“Don’t ever call me mad, Mycroft. I’m not mad, I’m just…well, differently moralled, that’s all.”
- Acheron Hades
I received a copy of Jasper Fforde’s The Eyre Affair as a gift two Christmases ago, and now have finally gotten around to reading it. The first entry of Fforde’s Thursday Next novels introduces us to an alternate version of England in 1983 where things like time travel and genetically engineered dodos are relatively commonplace, and where English literature is taken seriously enough for an entire criminal racket of manuscript thievery and forgings to spring up. Our protagonist, Thursday Next, is a SpecOps agent belonging to a division investigating literary crimes. The theft of Martin Chuzzlewitt‘s autograph copy quickly sends her in pursuit of her arch nemesis and ex professor, Acheron Hades.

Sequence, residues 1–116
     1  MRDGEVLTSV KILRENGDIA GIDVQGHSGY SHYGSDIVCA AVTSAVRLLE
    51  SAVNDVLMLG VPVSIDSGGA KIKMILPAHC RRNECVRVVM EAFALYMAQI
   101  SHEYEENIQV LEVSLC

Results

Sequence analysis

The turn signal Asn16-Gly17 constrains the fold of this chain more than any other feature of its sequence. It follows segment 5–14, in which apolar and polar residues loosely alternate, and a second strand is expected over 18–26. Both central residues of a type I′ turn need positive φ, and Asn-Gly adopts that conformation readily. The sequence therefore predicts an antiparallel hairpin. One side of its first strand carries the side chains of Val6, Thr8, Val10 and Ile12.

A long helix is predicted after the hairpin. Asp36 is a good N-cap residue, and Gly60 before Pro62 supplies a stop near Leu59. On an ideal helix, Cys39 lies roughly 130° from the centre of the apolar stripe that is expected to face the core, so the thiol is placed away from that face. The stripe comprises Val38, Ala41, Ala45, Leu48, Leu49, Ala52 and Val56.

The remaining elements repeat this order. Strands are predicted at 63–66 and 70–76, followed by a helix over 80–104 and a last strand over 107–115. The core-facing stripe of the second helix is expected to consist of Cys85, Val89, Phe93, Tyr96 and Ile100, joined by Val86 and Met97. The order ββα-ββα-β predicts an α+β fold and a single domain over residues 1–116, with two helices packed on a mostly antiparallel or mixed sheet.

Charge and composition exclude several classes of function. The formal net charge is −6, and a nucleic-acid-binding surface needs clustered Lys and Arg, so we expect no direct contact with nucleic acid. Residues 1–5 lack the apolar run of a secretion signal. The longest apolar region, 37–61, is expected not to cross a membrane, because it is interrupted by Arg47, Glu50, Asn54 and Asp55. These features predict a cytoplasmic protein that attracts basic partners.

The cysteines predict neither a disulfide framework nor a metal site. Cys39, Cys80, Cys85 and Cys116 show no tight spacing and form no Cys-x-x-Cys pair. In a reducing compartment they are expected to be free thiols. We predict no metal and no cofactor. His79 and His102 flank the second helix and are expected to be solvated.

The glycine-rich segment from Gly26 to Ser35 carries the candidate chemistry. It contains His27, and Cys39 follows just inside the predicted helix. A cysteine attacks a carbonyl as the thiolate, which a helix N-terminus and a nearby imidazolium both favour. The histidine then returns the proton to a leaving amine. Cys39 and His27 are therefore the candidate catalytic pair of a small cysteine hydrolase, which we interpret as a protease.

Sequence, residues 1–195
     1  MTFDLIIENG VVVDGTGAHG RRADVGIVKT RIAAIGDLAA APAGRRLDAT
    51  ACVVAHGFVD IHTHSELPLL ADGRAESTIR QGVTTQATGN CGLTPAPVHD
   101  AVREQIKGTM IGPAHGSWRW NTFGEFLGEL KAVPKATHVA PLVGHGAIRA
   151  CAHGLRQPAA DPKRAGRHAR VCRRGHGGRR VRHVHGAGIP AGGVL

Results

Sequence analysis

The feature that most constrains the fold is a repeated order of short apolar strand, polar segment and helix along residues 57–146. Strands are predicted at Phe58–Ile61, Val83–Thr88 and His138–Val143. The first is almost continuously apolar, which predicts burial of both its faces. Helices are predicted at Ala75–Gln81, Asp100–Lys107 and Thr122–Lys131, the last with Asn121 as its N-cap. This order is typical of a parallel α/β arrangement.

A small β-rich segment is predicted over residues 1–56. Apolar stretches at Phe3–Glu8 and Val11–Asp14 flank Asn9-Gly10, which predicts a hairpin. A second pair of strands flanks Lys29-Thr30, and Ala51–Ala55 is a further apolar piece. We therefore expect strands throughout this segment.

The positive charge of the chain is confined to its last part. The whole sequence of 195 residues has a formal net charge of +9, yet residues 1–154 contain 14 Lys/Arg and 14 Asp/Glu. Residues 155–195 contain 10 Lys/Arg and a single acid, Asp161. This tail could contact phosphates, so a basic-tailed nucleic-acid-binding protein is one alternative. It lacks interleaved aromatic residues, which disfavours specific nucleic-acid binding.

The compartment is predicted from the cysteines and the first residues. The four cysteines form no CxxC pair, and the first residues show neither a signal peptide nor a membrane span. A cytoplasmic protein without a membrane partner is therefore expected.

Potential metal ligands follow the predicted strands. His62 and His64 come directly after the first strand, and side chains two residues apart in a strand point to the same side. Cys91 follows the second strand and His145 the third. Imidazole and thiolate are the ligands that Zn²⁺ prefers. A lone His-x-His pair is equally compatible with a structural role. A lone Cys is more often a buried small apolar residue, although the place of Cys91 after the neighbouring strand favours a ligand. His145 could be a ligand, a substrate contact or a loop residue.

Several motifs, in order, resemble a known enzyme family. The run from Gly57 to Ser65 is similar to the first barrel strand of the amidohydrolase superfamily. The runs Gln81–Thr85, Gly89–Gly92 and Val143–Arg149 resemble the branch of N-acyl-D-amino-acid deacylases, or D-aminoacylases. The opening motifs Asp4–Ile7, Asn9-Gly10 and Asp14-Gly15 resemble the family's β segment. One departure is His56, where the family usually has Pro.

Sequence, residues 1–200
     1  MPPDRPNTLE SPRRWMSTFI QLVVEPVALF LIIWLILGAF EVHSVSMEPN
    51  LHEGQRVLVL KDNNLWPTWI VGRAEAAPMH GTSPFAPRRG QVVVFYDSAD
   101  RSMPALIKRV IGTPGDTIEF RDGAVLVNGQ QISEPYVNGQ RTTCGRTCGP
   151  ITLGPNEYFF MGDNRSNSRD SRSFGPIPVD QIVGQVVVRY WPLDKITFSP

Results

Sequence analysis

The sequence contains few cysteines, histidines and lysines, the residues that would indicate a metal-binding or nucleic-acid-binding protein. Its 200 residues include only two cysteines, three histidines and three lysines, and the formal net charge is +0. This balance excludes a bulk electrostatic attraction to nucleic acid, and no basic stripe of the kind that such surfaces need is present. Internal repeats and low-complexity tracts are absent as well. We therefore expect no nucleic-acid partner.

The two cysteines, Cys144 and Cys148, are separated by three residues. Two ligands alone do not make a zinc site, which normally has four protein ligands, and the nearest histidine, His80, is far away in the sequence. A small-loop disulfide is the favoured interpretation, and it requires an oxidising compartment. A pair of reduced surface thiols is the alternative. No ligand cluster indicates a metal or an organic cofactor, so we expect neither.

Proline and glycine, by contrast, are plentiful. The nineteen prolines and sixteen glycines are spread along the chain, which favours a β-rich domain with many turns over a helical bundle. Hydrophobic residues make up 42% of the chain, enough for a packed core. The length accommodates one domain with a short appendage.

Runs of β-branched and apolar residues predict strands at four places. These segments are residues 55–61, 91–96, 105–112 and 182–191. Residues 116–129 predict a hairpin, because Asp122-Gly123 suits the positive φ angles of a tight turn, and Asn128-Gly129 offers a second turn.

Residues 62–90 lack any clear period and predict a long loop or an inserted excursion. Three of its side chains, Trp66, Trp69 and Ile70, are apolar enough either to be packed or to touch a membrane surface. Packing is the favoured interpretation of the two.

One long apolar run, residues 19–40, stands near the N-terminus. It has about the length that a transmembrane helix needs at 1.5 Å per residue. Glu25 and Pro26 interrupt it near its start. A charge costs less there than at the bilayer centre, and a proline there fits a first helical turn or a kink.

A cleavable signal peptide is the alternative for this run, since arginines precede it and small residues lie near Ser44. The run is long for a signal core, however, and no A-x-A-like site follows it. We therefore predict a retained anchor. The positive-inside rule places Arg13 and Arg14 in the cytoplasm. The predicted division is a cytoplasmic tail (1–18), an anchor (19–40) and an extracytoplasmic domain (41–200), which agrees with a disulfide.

The Eyre Affair attempts to be two different things at once; it wants to be both an absurdist comedy and a slightly tongue-in-cheek crime thriller. These two goals do not completely mesh. For the first half of the book I was finding its world to be too random for me to feel invested in the plot and for goodness’ sake these characters have names like Victor Analogy and Jack Schitt.
That said, things fared better in the second half, mainly because the characters had been developed enough to feel like more than a cutesy joke, but also because once the titular Jane Eyre factors into the plot, the story becomes this delightfully weird meta-fanfiction.
Its fair to say that enjoyment of this book is directly proportional to one’s own degree of English lit geekdom.
Since this is not only the first in a series, but also Fforde’s first novel altogether, it may be that my problems here become smoothed over in future entries. Anyway, I enjoyed it enough to perhaps pick up the next one at some point.